Answer: Outflow boundaries can be visible on radar due to convergence of air along the boundary concentrating dust, insects, birds and other reflectors, in addition to creating a turbulent mixture of contrasting airmasses with differing temperature, humidity and density properties. This is a low-altitude phenomenon that is usually also a rather weak echo. From our own DualDoppler 5000 (both the images/lapses and the live stream), we display a more or less raw reflectivity image with relatively little additional processing or manipulation. On the other hand, iControl is a viewer that consolidates information from the entire network of National Weather Service Doppler radars into a national mosaic. In the process of putting together, it is likely that some processing is being applied that is meant to remove, to the extent possible, spurious echoes, ground returns, and non-precipitation echoes. It is quite possible the automated algorithms that carry out this processing filter out small, weak features having little vertical consistency, and in so doing remove most if not all very shallow, narrow outflow boundary echoes.
May. 19, 2015 | Tags: instruments, weather radar, wral.com

Question: Can you please tell me how much total rainfall was received in Mount Olive from May 8 thru May 11? We were hammered. — Ron Page

Answer: We can only make a rough estimate due to variability of rainfall amounts and the distance to nearby surface measuring stations, but based on a number of those, combined with radar rainfall estimates over the same area, it appears that in the time span you asked about, rainfall would have totaled up to something in the range of 2.75 to 3.25 inches, which is around 2 inches above normal.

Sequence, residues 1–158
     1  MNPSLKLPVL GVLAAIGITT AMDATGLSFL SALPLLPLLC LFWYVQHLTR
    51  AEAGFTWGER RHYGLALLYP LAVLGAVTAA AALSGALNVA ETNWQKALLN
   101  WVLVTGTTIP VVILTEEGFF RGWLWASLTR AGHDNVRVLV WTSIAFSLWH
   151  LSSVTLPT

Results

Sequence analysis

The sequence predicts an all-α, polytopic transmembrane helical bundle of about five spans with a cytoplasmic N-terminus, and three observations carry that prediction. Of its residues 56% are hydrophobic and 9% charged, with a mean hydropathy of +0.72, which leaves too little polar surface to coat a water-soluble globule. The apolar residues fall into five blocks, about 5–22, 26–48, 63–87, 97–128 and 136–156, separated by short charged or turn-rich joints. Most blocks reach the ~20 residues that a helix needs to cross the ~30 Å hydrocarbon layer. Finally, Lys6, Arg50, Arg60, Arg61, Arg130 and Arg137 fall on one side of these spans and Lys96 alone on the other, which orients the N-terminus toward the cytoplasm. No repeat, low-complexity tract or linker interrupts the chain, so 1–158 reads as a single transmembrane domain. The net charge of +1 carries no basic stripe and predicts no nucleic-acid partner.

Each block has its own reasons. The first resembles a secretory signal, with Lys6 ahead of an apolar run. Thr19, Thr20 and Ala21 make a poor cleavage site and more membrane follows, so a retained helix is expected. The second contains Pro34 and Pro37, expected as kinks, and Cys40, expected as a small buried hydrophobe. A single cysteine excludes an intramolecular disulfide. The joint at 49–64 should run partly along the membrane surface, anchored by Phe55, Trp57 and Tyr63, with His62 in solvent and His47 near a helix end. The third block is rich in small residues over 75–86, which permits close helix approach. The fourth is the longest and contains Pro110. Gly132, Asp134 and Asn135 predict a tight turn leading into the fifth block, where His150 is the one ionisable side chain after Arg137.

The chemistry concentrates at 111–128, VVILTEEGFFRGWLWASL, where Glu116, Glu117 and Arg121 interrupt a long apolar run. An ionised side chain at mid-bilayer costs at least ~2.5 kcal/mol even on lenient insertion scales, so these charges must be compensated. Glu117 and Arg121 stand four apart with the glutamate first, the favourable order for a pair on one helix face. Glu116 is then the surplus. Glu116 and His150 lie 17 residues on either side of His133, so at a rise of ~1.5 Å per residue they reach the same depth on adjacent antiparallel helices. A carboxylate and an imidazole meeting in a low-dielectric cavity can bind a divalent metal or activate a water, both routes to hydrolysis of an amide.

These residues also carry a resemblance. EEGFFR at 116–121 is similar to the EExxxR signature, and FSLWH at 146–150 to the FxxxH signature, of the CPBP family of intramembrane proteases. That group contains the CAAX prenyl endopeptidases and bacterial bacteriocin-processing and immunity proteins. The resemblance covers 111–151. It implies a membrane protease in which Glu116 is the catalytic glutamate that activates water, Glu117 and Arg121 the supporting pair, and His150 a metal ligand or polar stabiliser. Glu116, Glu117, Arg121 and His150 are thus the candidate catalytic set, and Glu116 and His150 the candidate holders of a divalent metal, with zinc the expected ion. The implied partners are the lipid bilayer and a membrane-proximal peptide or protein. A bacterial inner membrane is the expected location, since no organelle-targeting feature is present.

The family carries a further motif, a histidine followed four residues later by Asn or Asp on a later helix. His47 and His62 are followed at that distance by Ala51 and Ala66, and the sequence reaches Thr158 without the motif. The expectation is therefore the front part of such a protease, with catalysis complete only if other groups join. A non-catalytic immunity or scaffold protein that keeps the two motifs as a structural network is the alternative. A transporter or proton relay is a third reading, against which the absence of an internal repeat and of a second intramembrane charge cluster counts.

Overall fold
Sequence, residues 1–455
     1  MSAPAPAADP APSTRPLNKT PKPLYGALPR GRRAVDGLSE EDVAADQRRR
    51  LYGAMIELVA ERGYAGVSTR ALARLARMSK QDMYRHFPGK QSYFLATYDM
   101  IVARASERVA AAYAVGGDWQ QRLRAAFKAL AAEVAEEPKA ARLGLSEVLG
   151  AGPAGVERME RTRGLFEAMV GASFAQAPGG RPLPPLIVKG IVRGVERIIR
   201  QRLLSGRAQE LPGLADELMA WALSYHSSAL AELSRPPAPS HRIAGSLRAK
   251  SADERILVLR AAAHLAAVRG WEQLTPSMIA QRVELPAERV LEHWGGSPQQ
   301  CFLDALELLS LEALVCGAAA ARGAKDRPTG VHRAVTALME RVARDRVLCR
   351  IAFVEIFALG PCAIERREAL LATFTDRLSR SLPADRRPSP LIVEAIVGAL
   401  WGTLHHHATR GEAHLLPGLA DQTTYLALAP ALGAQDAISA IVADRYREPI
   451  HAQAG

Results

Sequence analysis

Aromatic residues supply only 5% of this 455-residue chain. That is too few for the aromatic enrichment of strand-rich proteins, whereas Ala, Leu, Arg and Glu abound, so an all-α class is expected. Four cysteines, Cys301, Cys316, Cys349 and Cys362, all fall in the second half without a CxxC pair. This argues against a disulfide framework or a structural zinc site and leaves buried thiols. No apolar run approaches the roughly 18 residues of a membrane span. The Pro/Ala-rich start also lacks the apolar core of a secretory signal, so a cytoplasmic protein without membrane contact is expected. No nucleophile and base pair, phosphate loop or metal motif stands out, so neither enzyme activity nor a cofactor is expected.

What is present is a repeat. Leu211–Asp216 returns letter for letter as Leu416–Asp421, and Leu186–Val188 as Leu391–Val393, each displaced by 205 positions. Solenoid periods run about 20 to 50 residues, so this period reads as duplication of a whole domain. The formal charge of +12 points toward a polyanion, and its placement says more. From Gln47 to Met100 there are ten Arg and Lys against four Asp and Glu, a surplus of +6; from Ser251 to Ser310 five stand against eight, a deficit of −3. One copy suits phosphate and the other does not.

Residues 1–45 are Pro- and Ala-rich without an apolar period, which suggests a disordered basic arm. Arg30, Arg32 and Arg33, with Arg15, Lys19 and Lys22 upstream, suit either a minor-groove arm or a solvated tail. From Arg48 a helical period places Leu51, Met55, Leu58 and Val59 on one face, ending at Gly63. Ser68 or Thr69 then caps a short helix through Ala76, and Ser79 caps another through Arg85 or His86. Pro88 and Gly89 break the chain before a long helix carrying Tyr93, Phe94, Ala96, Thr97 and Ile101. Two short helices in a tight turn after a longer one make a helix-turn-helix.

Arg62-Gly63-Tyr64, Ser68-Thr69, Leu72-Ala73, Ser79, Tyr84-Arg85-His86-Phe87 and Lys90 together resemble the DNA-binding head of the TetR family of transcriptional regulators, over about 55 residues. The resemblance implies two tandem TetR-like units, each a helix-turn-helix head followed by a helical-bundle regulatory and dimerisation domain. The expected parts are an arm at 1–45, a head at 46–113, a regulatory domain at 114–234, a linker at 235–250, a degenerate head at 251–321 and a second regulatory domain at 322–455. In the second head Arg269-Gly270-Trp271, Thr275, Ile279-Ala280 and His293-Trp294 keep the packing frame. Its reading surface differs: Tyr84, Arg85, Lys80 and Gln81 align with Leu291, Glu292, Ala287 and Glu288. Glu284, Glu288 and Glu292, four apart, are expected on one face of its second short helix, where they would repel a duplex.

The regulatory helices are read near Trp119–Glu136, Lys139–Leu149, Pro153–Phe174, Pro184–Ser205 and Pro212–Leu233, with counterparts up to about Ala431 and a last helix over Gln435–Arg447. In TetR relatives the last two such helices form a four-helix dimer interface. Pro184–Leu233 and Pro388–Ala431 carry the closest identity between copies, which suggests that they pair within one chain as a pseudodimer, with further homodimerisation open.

May. 18, 2015 | Tags: past weather, rain

Question: When R we going to have meteor showers? — Sheila Kendrick

Answer: While rather minor meteor showers are underway and recur on a frequent basis, the next two major showers are the Perseids, starting July 17th, peaking around August 12th and ending August 24th, and then the Geminids, starting December 7th, peaking around December 13th and ending December 17th. For more detailed schedules that include lesser showers, see the calendar sections of the web sites of the American Meteor Society (www.amsmeteors.org/meteor-showers/meteor-shower-calendar) or the International Meteor Organization (www.imo.net/calendar).